Harry Harrison, ” Deathworld”

    As it should be for a Hollywood  blockbuster, “Avatar” features a fair amount of killing and shooting and beautiful and carefully drawn graphics. In terms of special effects, the film surpassed its “ideological predecessor” “District 9” by several goals (because $230 million budget against $30 million – it’s no joke). However, the messages of young South African and mature American directors are the same. Who are we, people, if we destroy nature and brothers in mind for the sake of some ore (insert the necessary – oil, gas, weapons…)?

    We are murderers. And, as Agent Smith, the protagonist of another mascot movie masterpiece, said, “I realized that you’re not actually mammals. Every mammal on this planet instinctively develops a natural equilibrium with the surrounding environment but you humans do not. You move to an area and you multiply and multiply until every natural resource is consumed and the only way you can survive is to spread to another area. There is another organism on this planet that follows the same pattern. Do you know what it is? A virus. Human beings are a disease, a cancer of this planet.”

    Ironically, the Wachowskis actually quote a prominent nature conservationist who stands far from the “dream factory” – Dave Foreman. And the continuation of the thought is: “white blood cells fight and overcome aggressive pathogens. Perhaps these antibodies are the defenders of nature” (“Confession of an Eco-Warrior”).

    Undoubtedly, watching “Avatar” will cause a thinking person only hatred of technocracy and the Western, consumerist way of life. The first minutes after the final you feel what the citizen lacks – forests and clean air around, beautiful landscapes, not obscured by skyscrapers, food not from the package and without preservatives and GMOs, the freedom to get food and create songs, not going to the supermarket and listening to dead electronics.

    The United States’ desire to obtain gold, coal, oil, copper, tin, minerals, and land in the Indian territories ran into unforeseen difficulties. The traditional forms of government of the Indians were invariably governed by natural laws: the earth was considered a Being or a Spirit and, therefore, it could not be sold or exchanged for anything.

    Jerry Mander, “In the Absence of the Sacred: The Failure of Technology and the Survival of the Indian Nations”

    Cameron, intentionally or not, embodied a complex of American society. Those White people killed indigenous Native American culture a hundred years ago, destroyed forests on all sides of the compass. At first, forests were completely destroyed in the United States (after they suddenly “ended” in the Old World). And now the descendants of the proud cowboys, who “victoriously” shot the buffalo in the prairies, are finishing their work in the Amazon. Therefore, the picture shown in “Avatar” does not give the impression of something fantastic – the same thing we can see right now, looking at Brazil and other Latin American countries.

    The movie also perfectly describes the causes of nationalism as a phenomenon (“We will not give away what belongs to us!”). This is how all the wars and enmities between the tribes began: when some savages came to the territory of others with sticks and took their property from the weak. All that changed is that the sticks were given way to tanks, looting, rape and murder are called “peacekeeping”, “anti-terrorist” and sometimes “defensive” operations. Apparently, it’s not by chance that the film also shows the constant banter about the military (“you’re all stupid!” – Grace constantly repeats, played by Sigourney Weaver).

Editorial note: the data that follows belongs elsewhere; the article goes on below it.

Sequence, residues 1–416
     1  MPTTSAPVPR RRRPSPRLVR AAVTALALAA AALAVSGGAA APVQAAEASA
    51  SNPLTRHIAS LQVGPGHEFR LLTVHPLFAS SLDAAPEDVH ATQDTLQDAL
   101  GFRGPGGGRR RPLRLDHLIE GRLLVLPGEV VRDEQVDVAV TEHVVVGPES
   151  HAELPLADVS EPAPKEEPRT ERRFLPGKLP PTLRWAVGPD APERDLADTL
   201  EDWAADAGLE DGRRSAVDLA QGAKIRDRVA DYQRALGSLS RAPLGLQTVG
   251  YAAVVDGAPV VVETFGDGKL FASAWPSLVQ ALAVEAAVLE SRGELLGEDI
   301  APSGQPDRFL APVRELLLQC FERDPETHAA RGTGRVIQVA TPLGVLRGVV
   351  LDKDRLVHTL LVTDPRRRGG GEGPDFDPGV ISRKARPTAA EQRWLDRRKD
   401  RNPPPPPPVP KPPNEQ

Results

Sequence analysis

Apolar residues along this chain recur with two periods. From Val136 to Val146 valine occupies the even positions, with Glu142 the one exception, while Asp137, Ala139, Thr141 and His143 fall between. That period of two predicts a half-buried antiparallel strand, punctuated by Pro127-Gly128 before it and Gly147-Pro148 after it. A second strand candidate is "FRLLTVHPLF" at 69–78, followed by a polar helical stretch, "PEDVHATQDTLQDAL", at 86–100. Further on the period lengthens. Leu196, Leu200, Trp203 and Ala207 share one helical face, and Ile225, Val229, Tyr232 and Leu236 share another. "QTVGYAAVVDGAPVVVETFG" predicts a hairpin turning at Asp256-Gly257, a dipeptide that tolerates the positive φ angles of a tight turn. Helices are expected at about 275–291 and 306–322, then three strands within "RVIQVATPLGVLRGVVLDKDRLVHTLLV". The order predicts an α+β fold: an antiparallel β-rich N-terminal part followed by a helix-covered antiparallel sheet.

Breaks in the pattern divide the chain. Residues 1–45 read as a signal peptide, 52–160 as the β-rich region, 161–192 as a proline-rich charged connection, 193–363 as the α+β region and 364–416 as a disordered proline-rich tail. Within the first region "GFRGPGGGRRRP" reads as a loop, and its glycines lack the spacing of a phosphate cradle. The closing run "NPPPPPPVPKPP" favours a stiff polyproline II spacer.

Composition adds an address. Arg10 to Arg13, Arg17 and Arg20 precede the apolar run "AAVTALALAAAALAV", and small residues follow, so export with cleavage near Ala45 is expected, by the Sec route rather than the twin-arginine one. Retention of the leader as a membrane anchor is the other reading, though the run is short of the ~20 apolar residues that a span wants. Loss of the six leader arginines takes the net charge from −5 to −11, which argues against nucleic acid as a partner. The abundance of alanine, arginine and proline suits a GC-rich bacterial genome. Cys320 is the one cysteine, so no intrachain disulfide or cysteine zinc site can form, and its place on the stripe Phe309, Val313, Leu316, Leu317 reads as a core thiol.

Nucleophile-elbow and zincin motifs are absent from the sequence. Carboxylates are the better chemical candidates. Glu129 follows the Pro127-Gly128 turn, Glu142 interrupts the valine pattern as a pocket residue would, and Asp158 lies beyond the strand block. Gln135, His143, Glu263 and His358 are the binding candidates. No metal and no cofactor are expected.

Another nuance – “you cannot fill a bowl that is already filled.” It’s about Earth scientists. Blindness often occurs not only from ignorance, but also from brainwashing with academic words. Grace is a great example of how a scientist is not responsible for what happens as a result of her discoveries and against the background of her scientific euphoria. The scientist is busy only with a thirst for discoveries and cannot change anything when the carnage begins. Interestingly, the massacre, i.e. the operation to “pacify” the Pandorians, contains an allusion to modern events – its code name is “Shock and awe”. This was the name of the military doctrine of the American contingent in the Middle East, designed specifically for the invasion of Iraq.

    The Indians tell us that uranium must remain in the earth – but their voice is lost in the noise of the wind. They have kept knowledge that can help us heal and restore the Earth – but their views run counter to the nuclear, neocolonial world of corporations. Resisting the constant attacks of industrial society, they heroically defend their worldview, at the center of which is the principle of the sanctity of the earth. It’s time to listen to them.

    Klaus Biegert

    However, we see on the screen not a senseless massacre (as in “Starship Troopers”) and not the heroic resistance of the rebels against the Empire in some fantasy world (as in “Star Wars”), but a war where it’s clear who is right and who is to blame. Cameron made a masterful self-parody of Western civilization at great expense. This is probably what the genocide of the aboriginal population by the imperialists, armed with the first tanks and machine guns, looked like in the early twentieth century. 

    The author of environmental bestsellers Jerry Mander was right: “The most important rule of corporate work – the corporation must make a profit and must grow. All other values ​​are secondary: the well-being of society, the satisfaction of workers, the health of the planet and even the general well-being of the country. Corporations are never charged with murder, and the corporations themselves do not plead guilty.”

    As a result of such a policy, extrapolated by the director for the next 150 years, there are no more plants on the Earth of the XXII century. There is only the war for resources, the massacre in Nigeria and Venezuela, and humanity that has not dealt with crime on the streets, but has already gone into outer space and is “conquering” it.

    It’s a pity that two hours of screen time failed to contain at least some details of Na’vi culture – only excerpts from legends and basic information about alien people who have found harmony with nature. And the finale of the film is open. It is noticeable that the victory of cartoon characters over a high-tech opponent is only temporary. So let’s wait for the promised trilogy “Avatar”, which we hope will develop the ideas laid down in the first part.